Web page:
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You may find that a condition you are being treated for under your current plan, may not be covered under your new plan. This is called a preexisting condition. Pre-existing conditions can vary between plans from being excluded to being covered fully and sometimes somewhere in-between like being covered after a specific amount of time. The Health Insurance Portability and Accountability Act, www.cms.hhs.gov/HIPAAGenInfo, ensures coverage for pre-existing conditions if you are joining a new group plan from your employer and you were insured the previous twelve months. Some plans impose“preexisting condition exclusion.” This means that if you have a medical condition before coming to our plan, you might have to wait a certain period of time before the plan will provide coverage for that condition. Be sure to check with your state HIPAA rules and compare them to your insurance plan to be sure there are no discrepancies. Some states offer a “guaranteed issue” which means that individuals insurers must sell coverage to all residents, others limit the length of exclusion periods. Other states have “community ratings” which impose rules that premiums cannot vary based on health status. The preexisting condition exclusion does not apply to pregnancy nor to a child who is enrolled in the plan within 30 days after birth, adoption, or placement for adoption. Some people, if they have the flexibility, might choose to move to a different state based on rule such as “community ratings” because it may be more cost effective.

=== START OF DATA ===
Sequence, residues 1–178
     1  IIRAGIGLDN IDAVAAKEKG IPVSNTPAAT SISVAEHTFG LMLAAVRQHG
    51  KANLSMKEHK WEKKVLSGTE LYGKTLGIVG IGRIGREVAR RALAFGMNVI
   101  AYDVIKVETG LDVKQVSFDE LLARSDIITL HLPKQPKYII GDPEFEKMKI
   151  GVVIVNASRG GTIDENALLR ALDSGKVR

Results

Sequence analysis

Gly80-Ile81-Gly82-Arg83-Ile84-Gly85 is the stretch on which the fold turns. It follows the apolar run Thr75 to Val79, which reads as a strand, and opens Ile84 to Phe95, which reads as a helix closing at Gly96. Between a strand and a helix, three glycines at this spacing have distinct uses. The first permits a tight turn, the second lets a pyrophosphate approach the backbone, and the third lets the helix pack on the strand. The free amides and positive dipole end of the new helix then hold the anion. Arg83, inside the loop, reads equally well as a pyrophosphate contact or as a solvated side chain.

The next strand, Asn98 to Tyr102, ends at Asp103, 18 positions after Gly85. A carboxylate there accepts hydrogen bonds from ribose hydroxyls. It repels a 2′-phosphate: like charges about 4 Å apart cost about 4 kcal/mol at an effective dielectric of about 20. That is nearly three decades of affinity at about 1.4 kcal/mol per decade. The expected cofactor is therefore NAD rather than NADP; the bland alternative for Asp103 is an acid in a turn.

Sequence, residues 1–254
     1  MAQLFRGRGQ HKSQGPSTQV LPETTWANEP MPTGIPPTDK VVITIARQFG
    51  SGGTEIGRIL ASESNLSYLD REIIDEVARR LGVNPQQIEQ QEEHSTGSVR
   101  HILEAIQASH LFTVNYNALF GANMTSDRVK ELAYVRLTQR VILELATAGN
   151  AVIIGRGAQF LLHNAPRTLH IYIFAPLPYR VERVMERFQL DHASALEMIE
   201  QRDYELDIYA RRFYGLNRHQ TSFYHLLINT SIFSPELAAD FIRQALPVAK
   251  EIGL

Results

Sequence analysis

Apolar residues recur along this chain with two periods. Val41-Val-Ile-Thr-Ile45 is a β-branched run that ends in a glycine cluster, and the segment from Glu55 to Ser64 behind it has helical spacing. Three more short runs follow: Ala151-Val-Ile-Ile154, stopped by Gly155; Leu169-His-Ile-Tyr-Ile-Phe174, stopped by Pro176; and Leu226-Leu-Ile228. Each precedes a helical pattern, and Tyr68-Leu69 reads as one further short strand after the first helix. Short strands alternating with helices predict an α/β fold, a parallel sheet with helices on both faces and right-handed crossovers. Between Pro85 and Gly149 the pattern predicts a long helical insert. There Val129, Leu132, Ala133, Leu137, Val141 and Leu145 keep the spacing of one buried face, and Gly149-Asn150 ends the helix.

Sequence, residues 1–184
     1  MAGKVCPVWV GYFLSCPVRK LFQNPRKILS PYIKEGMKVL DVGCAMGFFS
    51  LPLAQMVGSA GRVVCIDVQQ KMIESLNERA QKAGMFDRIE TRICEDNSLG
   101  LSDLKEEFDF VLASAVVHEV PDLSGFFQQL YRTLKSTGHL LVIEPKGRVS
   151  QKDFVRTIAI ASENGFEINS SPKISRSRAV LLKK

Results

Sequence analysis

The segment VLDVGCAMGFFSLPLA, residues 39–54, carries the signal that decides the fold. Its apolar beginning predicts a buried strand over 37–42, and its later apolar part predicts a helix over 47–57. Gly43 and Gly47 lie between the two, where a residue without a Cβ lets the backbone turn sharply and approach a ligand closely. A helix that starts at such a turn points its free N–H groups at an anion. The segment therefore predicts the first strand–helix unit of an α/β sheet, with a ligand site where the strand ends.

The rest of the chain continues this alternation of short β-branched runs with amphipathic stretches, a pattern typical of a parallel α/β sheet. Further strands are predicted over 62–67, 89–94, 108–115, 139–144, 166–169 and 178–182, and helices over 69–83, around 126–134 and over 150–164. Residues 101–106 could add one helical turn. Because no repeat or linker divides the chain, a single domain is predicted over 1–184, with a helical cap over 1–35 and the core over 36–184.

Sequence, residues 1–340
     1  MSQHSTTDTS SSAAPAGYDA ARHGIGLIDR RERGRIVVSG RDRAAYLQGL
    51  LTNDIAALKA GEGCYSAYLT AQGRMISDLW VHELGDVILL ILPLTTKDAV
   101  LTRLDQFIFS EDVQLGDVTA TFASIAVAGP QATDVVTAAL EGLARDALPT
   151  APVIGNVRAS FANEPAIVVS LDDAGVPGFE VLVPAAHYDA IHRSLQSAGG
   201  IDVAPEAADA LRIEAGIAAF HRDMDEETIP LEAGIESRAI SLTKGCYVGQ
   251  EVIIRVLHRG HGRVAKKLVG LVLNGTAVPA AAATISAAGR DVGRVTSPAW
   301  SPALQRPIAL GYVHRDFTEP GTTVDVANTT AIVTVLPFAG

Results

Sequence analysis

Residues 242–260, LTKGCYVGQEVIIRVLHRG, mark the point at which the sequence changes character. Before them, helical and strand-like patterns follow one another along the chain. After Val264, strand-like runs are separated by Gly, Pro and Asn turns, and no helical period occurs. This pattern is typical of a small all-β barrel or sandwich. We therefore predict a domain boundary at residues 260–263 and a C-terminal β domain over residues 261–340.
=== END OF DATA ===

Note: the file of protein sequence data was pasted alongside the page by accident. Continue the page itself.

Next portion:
If you are receiving insurance through your employer, he/she can decide what the plan may cover as long as they cover certain benefits. The employer cannot deny you of health insurance or offer you different insurance based on you health, but they can implement a “pre-existing condition of exclusion” or pre-ex period of no longer than 12 months. This pre-existing condition of exclusion cannot apply to pregnancy or newborns.
On the other hand, one can reduce their pre-ex period by showing proof of coverage from a prior insurer (this would be a certificate of creditability that documents you past coverage, or old ID cards or statements) as well as no break in coverage of 63 consecutive days.
|Jennifer Mathes, Ph.D.|